Right to counsel but no such proceeding

06/24/2022, Legislation, Bypass of Parental Input into Abortion - Minor (Pre-Dobbs)

Though a minor seeking to bypass the parental consent requirements for an abortion has the right to counsel, abortion is effectively banned in the state of Texas, except in very narrow situations.


Per Tex. Fam. Code Ann. § 33.003(e), in cases where a minor seeks judicial waiver of the parental notification and consent requirements for an abortion, the court "shall appoint an attorney to represent the minor" if the minor has not retained an attorney, and also must appoint a guardian ad litem.  A 2015 amendment to § 33.003(e) prohibits the judge from appointing the same attorney to serve as both GAL and child’s counsel.


However, since the U.S. Supreme Court's decision in Dobbs v. Jackson Women's Health Organization, 142 S.Ct. 2228 (2022), abortion seems to be banned except in narrow "life threatening" situations, Tex. Health & Safety § 170A.002, or in certain medically necessary situations under Tex. Civ. Prac. & Rem. § 74.551, which appears to have slightly broaded access to the procedure. See HB 3058 (2023) (providing affirmative defenses for physicians in civil actions arising from alleged violations of the abortion restrictions in situations where the provider "exercised reasonable medical judgment in providing medical treatment to a pregnant [person]..."); see also Selena Simmons-Duffin, Texas has quietly changed its abortion law, NPR (Aug. 21, 2023) (stating that due to the bill, "It will no longer be illegal to terminate a pregnancy in Texas if the pregnant person's water breaks too early for the fetus to survive.").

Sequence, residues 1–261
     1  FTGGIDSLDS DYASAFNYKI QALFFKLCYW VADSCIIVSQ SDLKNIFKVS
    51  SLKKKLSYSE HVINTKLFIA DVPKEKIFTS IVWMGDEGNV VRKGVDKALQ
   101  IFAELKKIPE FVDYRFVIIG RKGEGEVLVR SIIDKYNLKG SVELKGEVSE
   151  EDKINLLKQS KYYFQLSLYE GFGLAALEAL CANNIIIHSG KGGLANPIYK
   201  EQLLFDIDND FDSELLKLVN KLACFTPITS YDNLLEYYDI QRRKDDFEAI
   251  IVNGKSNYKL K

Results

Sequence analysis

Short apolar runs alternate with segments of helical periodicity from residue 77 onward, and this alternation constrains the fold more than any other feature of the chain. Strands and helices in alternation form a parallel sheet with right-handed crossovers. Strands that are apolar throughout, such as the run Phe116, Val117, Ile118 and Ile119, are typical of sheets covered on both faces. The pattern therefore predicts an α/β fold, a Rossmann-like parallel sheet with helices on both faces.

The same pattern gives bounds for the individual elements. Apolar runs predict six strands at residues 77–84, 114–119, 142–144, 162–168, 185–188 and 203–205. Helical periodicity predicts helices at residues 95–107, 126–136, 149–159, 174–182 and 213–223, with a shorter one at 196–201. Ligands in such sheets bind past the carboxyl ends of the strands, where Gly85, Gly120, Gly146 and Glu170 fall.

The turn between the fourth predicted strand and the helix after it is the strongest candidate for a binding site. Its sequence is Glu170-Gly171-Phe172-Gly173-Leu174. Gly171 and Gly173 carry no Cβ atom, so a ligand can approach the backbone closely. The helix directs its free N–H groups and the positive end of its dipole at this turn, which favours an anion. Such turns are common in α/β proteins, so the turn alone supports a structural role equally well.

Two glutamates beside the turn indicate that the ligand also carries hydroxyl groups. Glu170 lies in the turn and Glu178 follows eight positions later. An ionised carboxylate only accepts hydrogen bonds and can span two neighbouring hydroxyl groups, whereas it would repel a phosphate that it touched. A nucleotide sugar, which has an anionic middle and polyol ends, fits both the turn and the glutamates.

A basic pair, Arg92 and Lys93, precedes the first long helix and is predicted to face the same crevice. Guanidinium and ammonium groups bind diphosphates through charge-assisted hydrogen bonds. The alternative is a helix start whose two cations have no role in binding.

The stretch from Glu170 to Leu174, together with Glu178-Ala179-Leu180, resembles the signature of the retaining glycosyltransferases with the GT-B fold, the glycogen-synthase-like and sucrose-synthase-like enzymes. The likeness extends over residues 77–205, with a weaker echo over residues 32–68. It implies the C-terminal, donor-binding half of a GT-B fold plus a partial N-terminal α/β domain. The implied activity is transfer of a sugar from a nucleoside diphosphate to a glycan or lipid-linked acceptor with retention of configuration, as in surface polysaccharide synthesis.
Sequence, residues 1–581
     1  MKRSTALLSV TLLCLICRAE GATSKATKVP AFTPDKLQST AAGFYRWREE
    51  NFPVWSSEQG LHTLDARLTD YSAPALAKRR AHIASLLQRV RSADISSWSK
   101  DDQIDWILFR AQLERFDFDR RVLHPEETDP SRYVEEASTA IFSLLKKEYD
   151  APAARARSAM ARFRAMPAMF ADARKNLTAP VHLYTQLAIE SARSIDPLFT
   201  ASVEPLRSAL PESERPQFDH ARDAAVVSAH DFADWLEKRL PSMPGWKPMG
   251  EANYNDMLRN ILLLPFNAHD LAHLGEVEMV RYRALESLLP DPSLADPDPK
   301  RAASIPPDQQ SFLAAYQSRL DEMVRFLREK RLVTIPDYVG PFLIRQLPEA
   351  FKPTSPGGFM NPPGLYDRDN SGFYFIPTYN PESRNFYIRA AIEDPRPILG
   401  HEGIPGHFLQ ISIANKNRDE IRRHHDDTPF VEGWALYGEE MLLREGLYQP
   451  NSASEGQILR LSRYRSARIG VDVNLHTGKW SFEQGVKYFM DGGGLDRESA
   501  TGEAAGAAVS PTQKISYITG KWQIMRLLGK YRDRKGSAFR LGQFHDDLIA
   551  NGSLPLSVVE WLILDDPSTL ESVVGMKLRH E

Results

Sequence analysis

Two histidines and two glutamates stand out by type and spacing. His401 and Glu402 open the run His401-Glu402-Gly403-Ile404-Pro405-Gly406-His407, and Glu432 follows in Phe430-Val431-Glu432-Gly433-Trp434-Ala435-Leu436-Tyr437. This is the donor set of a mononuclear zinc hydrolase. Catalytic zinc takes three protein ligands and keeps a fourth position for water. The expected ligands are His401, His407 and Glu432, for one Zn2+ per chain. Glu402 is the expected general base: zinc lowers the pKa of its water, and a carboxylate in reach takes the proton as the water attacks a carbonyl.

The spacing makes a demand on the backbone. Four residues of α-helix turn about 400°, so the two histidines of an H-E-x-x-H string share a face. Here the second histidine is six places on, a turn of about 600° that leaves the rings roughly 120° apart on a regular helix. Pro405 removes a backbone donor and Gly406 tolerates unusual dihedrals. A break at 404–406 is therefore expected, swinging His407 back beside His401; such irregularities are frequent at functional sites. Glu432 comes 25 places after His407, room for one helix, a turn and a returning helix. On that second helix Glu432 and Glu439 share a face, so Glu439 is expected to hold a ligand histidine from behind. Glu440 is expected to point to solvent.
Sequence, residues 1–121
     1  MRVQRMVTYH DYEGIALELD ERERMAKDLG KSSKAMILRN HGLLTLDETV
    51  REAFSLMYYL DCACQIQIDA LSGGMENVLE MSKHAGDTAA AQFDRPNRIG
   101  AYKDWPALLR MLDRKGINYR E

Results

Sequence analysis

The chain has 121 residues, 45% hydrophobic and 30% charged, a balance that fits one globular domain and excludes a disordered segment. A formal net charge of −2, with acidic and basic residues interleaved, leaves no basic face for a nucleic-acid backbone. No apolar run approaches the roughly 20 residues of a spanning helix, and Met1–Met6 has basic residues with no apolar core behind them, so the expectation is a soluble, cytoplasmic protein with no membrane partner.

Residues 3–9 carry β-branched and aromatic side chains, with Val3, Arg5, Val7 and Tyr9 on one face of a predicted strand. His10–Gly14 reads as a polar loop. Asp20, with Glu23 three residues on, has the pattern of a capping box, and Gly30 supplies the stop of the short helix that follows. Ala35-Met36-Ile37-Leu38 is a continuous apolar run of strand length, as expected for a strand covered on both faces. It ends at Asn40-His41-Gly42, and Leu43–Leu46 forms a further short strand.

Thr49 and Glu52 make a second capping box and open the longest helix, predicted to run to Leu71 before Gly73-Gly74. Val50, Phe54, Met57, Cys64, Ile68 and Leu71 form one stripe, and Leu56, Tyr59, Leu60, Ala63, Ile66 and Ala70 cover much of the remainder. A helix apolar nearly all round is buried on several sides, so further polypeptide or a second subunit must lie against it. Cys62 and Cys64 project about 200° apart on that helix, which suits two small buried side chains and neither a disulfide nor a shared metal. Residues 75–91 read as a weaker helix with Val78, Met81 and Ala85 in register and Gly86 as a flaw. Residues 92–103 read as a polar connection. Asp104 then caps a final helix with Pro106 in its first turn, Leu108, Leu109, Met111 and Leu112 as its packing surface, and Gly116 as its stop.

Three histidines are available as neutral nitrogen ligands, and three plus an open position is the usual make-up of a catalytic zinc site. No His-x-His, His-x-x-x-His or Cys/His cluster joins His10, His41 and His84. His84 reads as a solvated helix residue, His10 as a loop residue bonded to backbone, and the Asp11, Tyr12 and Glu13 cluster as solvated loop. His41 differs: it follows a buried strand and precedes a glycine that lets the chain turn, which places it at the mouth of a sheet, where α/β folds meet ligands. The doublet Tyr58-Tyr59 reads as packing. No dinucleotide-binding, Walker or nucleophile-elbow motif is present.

Accordingly, even though the procedure for judicial bypass of the parental consent and notification requirement for minors seeking abortion is still "on the books," we have categorized the state of Texas as having "No such proceeding." 




Note: Since the U.S. Supreme Court decision's in Dobbs v. Jackson Women's Health Organization, 142 S.Ct. 2228 (2022), the laws governing abortion are complicated and rapidly changing.  This major development may not be current since Dobbs.  For up-to-date information about the status of abortion by state, please see Center for Reproductive Rights, After Roe Fell: Abortion Laws by State.